Meals keep seniors in their homes

Meals keep seniors in their homes

Without the food she receives from Meals on Wheels, Barbara Makris said, she would not be able to stay in her home.

The Champion rode with Meals on Wheels volunteer Bill Thigpen on March 18 as he delivered meals to several clients, including Makris, who receives six meals a week.

“I don’t know what we’d do if it weren’t for Meals on Wheels,” said Makris, who has been getting the meals delivered to her home for a decade. “Assisted living [facilities] would be full.”

“It’s just a wonderful thing that they’re doing for us senior citizens,” Makris said. “It’s good for us that they come because [we] look forward to them coming. It’s somebody checking on you, too.”

Retired attorney Bill Thigpen has been volunteering with Meals on Wheels for two years. Photos by Andrew Cauthen

Retired attorney Bill Thigpen has been volunteering with Meals on Wheels for two years. Photos by Andrew Cauthen

This month Senior Connections, which provides programs and services designed to help seniors age in place in their own homes, is spotlighting its participation in the 14th annual March for Meals–a month-long, nationwide celebration of Meals on Wheels.

Meals on Wheels America is an organization that supports community-based senior nutrition programs dedicated to addressing senior hunger and isolation. 

“Throughout the country we promote March for Meals trying really to advocate during the month of March to get mainly elected, but other people who are high profile, to deliver meals so they can really see what it’s all about,” said Debra Furtado, chief executive officer of Senior Connections.

“We get elected officials to deliver and their eyes are truly opened to what we do and need,” Furtado said.

Funded from various sources, Senior Connections, which is just one Meals on Wheels provider of many in Georgia, serves the metro Atlanta area.

Barbara Makris has been getting meals delivered to her home for a decade.

Barbara Makris has been getting meals delivered to her home for a decade.

“Our mission is to ensure that people are able to live independently as they age,” Furtado said. “Food is obviously a major part of that. Food is a basic need.

“In our state of Georgia, one in eight seniors…goes hungry [each] day,” she said. “We have people in our state going hungry every day who should not be going hungry.”

Senior Connections produces 3,000 meals daily. Approximately 300 meals are delivered daily in DeKalb, Furtado said. The remainder of the meals is sold to other counties and providers who deliver the meals themselves.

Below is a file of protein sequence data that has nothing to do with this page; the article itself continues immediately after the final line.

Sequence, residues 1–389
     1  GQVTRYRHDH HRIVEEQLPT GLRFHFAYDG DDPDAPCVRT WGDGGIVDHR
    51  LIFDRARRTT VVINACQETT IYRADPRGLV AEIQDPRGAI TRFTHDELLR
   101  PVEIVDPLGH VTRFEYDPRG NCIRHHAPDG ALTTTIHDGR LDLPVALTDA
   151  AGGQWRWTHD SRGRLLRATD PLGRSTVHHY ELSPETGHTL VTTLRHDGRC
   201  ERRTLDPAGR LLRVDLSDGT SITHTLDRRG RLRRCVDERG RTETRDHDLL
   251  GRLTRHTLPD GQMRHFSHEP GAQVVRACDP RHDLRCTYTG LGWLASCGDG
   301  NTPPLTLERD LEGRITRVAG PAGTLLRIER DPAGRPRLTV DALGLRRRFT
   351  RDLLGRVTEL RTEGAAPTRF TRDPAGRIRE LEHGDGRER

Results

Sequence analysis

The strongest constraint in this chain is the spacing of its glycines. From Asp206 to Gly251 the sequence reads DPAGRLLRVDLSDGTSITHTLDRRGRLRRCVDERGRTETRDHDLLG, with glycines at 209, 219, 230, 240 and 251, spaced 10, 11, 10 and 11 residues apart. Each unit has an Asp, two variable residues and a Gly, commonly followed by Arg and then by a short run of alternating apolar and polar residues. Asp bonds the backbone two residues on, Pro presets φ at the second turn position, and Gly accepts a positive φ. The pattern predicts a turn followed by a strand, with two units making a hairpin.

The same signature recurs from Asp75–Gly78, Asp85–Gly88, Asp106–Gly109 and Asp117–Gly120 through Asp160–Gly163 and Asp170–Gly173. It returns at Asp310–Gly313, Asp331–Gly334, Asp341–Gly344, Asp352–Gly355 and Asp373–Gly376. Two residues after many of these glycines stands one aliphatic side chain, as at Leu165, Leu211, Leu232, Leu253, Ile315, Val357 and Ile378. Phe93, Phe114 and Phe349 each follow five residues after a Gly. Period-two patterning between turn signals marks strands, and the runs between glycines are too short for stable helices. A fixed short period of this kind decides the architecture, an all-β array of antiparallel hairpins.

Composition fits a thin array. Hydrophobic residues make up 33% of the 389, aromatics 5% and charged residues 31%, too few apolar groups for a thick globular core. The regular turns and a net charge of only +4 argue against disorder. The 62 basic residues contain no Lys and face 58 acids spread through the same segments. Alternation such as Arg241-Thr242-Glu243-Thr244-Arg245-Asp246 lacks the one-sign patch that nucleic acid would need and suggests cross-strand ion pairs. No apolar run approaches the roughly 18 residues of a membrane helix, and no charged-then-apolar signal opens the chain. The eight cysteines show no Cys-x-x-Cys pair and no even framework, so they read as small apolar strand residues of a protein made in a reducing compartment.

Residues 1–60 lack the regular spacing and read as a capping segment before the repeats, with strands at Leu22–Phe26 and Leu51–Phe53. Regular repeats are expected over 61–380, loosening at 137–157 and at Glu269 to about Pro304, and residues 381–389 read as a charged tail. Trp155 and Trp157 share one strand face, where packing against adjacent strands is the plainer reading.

Furtado said the meals provided by Meals on Wheels saves the state of Georgia money. 

“For someone to live and age in their own home, the cost to the state of Georgia…is about $20,000 a year for meals and in-home care,” Furtado said. A local nursing home could cost $70,000 a year. 

“So that’s a $50,000 savings a year to our government for people to receive …[this] basic need,” Furtado said.

Thigpen, a retired attorney who volunteers with the Meals on Wheels program, said the program fits his philosophy of aging in place.

“My mother was 96 when she passed and she was in an assisted living facility,” Thigpen said. “She wanted so badly to stay in her house and she couldn’t—her health just deteriorated.”

Thigpen said the Meals on Wheels program allows people to “stay in their house with a little bit of help.”

“It just fit what I saw because I hated to put my mother in an assisted living facility, but it was the only option for her,” said Thigpen, who spends three hours on Mondays working in the kitchen and delivers meals every other week for a couple of hours.

 “Most of these people want to just stay in their homes and I just think that’s so important. Honestly when my mother went into an assisted living facility you could just see her health go down.” 

Henry Friedman, a Holocaust survivor, said he has been receiving the meals for two years.

“I’m sure I would not starve, but it makes it easy us, especially me being in a wheelchair,” Friedman said about receiving the meals.

Everado Carbonell has been receiving meals from the organization for three years.

“It feeds us,” said Carbonell, who found out about the program from a social worker. “We need help because our economy is not great. No Donald Trump lives in these apartments.”

Carbonell said the program is “a good help for seniors.”

“When you are old you need all the help you can get,” he said.


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  1. K Winston says:

    For the senior who may be limited in their ability to get out and around in the community, the person who delivers Meals on Wheels provides an important social contact. Even through that interaction is brief, it can be uplifting and something for the homebound to look forward to experiencing.

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